Reverse Engineering Adventures: Brute-force function search, or how to crack Genshin Impact with PowerShell
Today, I thought we’d have a bit of fun and show you a novel and unorthodox alternative way to find any
function with known discrete inputs and an assumption about the possible outputs in a compiled application –
specifically for this example, a decryption function in a game. We’re going to crack it with PowerShell.
Well, sort of… far be it from me to troll my dear readers with a clickbait title,
but there is an element of truth in this. At the very least, to perform this attack your life will definitely be easier
if you have some kind of scripting language on hand.
The technique I’m about to describe can be applied to any application which
you know contains a specific function with particular arguments and return type,
but don’t know where it is located in the binary file.
You want to find a function in an executable image. You know the function arguments and return type,
but the assembly code is extremely obfuscated and difficult to disassemble, trace or decompile. What can we do?
What if… we just call every address in the image until one of them spits out the expected result?
This can be considered a kind of brute-force attack where the key space is the possible address range of code in the image.
It might also be thought of as a kind of reverse fuzzing, where we deliberately pass invalid arguments to every function in an
application except for one – where the arguments have been pre-chosen to be valid – to distinguish it from the rest.
Your first thought might be to simply write a piece of code which loads the image and calls every address in a for loop with the desired arguments,
then checks the result. Unfortunately, this won’t work. Most of the time you will be calling into the middle of a function,
or in the case of architectures such as x86 which uses variable instruction length, you may also be calling into the middle of an instruction that may end up being an invalid opcode.
Many of the calls you make to valid instructions will lead to stack corruption, as the end of the function will pop values
off the stack that were never pushed on at the start, since those instructions were skipped. The majority of the rest of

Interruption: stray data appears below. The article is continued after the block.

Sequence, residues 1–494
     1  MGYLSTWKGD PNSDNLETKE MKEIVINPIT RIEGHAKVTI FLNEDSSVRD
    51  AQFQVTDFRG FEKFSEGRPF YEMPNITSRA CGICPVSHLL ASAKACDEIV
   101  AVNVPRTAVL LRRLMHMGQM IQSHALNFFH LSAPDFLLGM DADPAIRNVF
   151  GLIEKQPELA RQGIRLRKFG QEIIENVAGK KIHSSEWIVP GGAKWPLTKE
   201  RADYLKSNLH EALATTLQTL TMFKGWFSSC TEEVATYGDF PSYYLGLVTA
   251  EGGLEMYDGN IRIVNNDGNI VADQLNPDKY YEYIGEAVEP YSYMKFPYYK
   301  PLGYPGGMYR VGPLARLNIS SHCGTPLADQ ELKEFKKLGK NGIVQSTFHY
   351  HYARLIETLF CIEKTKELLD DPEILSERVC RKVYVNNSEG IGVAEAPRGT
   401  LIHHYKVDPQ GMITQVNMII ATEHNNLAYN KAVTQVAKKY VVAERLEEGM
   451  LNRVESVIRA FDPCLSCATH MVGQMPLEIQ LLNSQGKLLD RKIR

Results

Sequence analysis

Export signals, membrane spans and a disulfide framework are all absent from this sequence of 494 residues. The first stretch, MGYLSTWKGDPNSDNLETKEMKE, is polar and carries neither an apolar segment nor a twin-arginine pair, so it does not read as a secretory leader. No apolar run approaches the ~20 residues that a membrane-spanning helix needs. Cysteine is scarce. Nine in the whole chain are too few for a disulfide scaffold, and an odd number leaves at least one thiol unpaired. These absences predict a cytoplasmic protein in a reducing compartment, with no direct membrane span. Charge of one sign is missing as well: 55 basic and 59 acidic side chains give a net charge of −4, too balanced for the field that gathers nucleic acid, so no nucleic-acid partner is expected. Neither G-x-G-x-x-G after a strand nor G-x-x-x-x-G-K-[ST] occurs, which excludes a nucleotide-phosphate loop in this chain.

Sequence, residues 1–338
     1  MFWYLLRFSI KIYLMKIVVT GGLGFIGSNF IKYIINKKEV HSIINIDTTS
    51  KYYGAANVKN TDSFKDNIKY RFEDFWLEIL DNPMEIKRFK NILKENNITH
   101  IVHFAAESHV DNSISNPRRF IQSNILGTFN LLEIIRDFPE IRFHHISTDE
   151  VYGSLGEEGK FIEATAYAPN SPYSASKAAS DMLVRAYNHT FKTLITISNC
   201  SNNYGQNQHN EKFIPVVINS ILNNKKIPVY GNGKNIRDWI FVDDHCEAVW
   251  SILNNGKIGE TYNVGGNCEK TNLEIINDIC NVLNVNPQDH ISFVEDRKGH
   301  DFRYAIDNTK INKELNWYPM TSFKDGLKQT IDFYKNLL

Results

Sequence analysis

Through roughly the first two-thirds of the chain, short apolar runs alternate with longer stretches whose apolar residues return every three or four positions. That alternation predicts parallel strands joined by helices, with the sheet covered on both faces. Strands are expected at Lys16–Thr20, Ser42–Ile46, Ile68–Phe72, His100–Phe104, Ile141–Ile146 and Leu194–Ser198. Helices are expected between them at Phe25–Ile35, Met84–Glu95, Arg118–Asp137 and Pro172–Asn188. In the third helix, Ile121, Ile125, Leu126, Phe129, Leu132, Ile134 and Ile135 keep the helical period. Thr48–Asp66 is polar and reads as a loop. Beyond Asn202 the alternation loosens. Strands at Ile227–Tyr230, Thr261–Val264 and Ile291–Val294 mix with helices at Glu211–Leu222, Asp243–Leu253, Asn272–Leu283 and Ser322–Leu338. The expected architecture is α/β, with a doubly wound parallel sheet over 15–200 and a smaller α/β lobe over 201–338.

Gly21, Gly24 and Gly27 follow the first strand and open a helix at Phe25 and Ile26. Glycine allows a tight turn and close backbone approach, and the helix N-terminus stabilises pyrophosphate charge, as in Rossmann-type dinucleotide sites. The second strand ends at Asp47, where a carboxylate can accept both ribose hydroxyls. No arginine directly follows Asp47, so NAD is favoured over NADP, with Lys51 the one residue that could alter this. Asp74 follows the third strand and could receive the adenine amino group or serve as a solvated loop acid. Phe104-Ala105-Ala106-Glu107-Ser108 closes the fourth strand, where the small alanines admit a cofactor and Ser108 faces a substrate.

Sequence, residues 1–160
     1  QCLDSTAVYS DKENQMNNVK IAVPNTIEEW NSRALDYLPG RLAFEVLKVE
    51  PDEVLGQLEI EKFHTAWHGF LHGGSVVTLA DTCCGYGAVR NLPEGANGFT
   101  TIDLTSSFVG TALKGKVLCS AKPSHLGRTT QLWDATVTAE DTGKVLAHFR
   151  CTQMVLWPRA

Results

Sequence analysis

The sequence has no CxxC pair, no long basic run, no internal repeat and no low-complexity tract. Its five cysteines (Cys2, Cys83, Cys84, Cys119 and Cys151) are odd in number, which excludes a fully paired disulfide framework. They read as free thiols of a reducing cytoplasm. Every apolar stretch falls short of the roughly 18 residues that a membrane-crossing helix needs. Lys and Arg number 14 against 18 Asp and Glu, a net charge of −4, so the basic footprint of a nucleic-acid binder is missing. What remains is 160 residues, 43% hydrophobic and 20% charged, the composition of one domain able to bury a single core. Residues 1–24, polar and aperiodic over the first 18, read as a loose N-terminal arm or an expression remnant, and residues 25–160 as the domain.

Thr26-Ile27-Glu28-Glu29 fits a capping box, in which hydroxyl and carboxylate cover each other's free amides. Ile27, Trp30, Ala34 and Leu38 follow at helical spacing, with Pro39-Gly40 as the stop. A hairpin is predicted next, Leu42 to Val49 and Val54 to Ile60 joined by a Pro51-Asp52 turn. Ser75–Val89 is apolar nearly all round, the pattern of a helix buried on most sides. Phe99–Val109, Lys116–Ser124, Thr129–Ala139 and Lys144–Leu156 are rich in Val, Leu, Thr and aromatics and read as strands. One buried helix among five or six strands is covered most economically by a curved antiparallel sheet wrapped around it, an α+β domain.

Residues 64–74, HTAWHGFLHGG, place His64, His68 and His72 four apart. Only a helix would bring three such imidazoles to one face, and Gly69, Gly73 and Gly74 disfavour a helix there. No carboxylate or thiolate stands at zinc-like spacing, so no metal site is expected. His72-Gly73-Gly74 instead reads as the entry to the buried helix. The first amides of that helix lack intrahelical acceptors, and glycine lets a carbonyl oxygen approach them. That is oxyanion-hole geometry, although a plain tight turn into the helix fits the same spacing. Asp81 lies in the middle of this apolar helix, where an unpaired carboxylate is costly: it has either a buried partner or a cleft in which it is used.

the calls will result in the function using invalid or uninitialized register or memory data, which will lead to undefined
behaviour and quite probably crash the calling process.
The way we can deal with this is by using two processes: one which calls a specified address in the image – the “client process”,
and a second process which contains a for loop that repeatedly invokes the first process for each address – the “host process”.
If the client process crashes, the host process simply moves to the next iteration of the loop and re-invokes it.
>>About today’s case study
(you can skip this section if you don’t care about Genshin Impact; the details are not relevant to the main exercise in the article)
miHoYo’s open world action RPG Genshin Impact – or Gacha Impact as I like to call it –
has seen a surge of popularity since it was launched in September 2020. It uses more or less the same
protection from automatic reverse engineering by IL2CPP tools like Il2CppInspector as Honkai Impact, but with a substantially higher level of security:
- process memory can no longer be dumped by tools like ProcDump (in Genshin Impact 1.1)
- assembly instruction-level obfuscation is used to prevent the code from being decompiled in both the main exe and UnityPlayer.dll
- UnityPlayer.dll now has anti-debugging countermeasures
They’re learning! There are also a couple of minor kinks:
- some additional initialization is required prior to the metadata decryption step. Without this,
one extra XOR step will be required after decrypting global-metadata.dat to fully recover the plaintext.